If you're an employee under the heel of a giant corporation you should probably be terrified by the vision of the future of connected gadgets that Microsoft just revealed at its Build developer conference here in Seattle.
Image: Alex Cranz/Gizmodo
Two demos from today's keynote stood out, both for being entertaining and for revealing a potentially frightening future for anyone working for a big employer with the will to micro-monitor its employees.
The first featured cameras watching employees on a construction worksite. The cameras are tied into the cloud, where artificial intelligence monitors everything in real time, noting identities of employees as well as identifying almost every single piece of equipment on the worksite.
That is undoubtedly cool, especially as the AI can instantly notice when someone is on the worksite that shouldn't be, or identify when someone is using dangerous equipment in a fashion that would be ill-advised.
It is also, you know, terrifying. Microsoft's demo purposely focused on a construction worksite, where accidents are too common, and a smart AI overseer sort of makes sense. Spotting OSHA violations or trespassers quickly and then relaying that information to an employer via mobile notifications could genuinely save limbs and lives.
But my brain immediately started conjuring a scenario that was much more oppressive -- one where these cameras were in some open office where people come to work in skirts or button downs. Not a place where security or safety is a primary concern, but instead, a place where employers obsessively monitor employees in some misguided attempt to maximise profit by chewing up and spitting out the fleshy cogs in their machine.
With a surveillance system like this you couldn't invite your friend to stop by for lunch because your boss would know, a notification instantly appearing on their phone. There'd be no long lunches or grabbing extra office supplies from the closet. Take too many smoke breaks or have a bout of indigestion that leaves you on the toilet longer than usual? The AI would be able to notice so quickly that your boss could meet you in the hallway with a bottle of antacids.
In this screenshot an employer is getting a notification because this guy hasn't set a jackhammer down correctly. (Image: Screenshot)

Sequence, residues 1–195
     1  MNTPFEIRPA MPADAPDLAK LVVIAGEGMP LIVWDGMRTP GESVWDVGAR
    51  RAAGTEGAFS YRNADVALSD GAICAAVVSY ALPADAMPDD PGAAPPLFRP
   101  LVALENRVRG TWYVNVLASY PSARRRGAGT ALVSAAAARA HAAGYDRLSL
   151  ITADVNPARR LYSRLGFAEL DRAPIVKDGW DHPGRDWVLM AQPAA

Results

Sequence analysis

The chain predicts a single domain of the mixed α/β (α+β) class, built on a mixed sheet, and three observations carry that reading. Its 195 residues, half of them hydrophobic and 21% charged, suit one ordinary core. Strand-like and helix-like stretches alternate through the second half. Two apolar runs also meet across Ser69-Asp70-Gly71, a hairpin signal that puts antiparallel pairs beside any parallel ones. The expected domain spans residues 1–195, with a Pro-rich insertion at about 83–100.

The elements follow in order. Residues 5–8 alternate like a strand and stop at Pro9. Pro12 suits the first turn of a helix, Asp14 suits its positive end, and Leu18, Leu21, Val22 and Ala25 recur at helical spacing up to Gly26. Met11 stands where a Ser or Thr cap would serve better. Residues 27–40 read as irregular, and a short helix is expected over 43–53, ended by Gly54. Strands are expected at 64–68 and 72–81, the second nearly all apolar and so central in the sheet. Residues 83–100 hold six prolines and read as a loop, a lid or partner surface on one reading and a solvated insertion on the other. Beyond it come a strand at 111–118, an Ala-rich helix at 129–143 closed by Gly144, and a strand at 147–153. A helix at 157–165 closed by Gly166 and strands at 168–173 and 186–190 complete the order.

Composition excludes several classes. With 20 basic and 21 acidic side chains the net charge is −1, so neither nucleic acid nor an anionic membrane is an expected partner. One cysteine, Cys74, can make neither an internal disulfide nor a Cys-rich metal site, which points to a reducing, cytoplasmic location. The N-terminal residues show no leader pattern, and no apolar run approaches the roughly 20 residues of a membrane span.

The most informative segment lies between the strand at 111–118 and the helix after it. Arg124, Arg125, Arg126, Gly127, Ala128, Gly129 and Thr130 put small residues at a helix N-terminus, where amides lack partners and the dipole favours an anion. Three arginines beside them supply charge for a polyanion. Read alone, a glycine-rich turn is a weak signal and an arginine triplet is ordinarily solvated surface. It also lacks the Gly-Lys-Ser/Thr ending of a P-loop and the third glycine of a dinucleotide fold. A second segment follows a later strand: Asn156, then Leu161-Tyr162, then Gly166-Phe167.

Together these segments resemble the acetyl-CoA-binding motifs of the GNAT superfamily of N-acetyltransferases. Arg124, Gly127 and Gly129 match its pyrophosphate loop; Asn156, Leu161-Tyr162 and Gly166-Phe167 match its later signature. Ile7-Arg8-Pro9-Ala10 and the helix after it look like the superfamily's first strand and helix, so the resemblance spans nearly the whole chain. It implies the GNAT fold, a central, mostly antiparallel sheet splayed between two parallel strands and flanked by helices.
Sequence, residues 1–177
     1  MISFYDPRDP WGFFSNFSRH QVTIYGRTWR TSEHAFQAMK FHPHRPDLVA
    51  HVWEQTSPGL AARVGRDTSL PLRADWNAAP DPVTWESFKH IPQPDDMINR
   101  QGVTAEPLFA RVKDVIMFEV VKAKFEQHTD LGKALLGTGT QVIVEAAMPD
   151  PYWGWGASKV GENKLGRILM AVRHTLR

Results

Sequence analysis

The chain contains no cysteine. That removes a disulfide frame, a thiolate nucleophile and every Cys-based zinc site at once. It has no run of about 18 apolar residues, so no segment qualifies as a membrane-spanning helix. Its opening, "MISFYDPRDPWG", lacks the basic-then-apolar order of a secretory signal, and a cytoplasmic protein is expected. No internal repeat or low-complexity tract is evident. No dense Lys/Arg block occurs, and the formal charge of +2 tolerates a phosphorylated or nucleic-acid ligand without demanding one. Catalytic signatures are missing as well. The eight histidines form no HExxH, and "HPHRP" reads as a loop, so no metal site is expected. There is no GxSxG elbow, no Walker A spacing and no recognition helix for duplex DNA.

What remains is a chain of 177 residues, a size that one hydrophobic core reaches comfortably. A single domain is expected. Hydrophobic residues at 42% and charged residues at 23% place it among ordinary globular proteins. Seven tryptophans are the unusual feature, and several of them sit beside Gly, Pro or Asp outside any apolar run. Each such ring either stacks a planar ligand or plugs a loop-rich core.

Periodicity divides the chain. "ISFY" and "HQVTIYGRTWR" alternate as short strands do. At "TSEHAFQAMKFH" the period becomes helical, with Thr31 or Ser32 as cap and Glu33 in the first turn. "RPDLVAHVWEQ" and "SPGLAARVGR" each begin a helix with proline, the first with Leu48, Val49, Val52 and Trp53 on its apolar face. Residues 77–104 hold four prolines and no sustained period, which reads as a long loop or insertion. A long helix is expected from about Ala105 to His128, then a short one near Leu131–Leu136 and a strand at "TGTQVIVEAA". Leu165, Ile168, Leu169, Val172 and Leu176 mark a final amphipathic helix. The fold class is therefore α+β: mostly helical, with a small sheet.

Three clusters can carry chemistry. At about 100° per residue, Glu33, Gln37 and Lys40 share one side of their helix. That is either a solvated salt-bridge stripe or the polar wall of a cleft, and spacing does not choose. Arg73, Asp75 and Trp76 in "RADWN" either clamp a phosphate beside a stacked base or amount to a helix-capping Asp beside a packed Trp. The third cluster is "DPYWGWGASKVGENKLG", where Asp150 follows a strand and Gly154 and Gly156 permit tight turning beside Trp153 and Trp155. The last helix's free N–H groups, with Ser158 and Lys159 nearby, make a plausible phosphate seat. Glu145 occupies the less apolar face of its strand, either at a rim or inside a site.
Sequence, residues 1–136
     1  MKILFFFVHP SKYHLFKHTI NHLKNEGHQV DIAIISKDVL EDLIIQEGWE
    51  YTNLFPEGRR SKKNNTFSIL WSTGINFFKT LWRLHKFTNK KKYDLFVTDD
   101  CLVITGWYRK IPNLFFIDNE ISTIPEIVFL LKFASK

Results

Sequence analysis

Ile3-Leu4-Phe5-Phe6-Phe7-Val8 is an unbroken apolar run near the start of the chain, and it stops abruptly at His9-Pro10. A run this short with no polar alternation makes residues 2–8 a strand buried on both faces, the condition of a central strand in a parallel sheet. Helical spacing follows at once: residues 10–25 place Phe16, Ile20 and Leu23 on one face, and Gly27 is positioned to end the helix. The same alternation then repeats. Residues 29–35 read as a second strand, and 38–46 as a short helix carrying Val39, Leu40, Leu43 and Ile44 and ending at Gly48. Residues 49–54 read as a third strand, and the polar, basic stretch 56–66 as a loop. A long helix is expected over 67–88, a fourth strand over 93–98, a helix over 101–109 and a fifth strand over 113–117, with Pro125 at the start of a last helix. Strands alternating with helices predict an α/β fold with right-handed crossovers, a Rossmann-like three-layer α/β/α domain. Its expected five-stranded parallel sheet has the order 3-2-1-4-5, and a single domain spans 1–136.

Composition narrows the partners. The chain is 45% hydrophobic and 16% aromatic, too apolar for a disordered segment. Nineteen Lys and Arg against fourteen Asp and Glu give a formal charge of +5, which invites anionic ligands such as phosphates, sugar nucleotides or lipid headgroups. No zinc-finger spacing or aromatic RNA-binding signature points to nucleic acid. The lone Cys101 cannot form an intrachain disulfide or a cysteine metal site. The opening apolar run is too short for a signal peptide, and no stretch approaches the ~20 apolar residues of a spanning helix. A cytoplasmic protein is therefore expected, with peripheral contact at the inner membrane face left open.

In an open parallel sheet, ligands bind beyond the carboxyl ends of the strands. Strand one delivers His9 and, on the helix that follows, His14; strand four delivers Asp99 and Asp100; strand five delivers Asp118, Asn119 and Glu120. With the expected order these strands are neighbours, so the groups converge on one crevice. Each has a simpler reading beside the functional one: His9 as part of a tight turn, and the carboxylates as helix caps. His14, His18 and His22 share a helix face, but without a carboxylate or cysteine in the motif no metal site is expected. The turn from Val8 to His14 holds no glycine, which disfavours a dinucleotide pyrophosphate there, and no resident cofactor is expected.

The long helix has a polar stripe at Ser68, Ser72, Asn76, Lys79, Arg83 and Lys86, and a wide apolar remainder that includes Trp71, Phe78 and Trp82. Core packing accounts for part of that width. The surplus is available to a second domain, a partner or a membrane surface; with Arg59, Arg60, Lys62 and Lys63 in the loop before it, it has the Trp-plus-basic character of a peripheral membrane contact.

The little bit of autonomy many employees still have in the office would be eradicated if this system were moved away from construction worksites and into more traditional offices.
This further illustrated by the other big demo of Build's Day 1 Keynote. It focused on Cortana, and how it could now be everywhere, instead of just leashed to your laptop or phone. The demo shows a woman chatting with a Cortana-powered Invoke speaker in a set intended to represent her home. Then it reminded her she had a meeting, so she hopped in the car, where it promptly told her traffic was going to make her late and notified her workplace, then slotted her into a meeting already in progress.
This sounds wildly cool and convenient, but there was one thing Microsoft left unsaid. This woman was logged into her home and car with her workplace ID, which means potentially her employers could now have access to data from her home and car life. If work-life balance is of any concern to you, the fact that your home speaker system might one day tell you to hurry up and get to the office because you're late and you're chronically late should be alarming.
These demos illustrate the trade-offs inherent in a world in which we use more and more connected gadgets. You have to give up some of your privacy in order to reap the benefits of a network of devices tuned to you and your whims. But the realities of these trade-offs start to feel worse with Microsoft because despite its array of consumer products, like the Surface Pro and Microsoft 10 Home, Microsoft is in the business of working with businesses. Those are its primary clients, and its very much who Microsoft spent the majority of today's keynote speaking to. You are not the business model. Your company is. Asking consumers to give their data to a big faceless corporation like Google so it can sell ads is one thing -- but asking them to also give all that data to the people who sign their checks is another.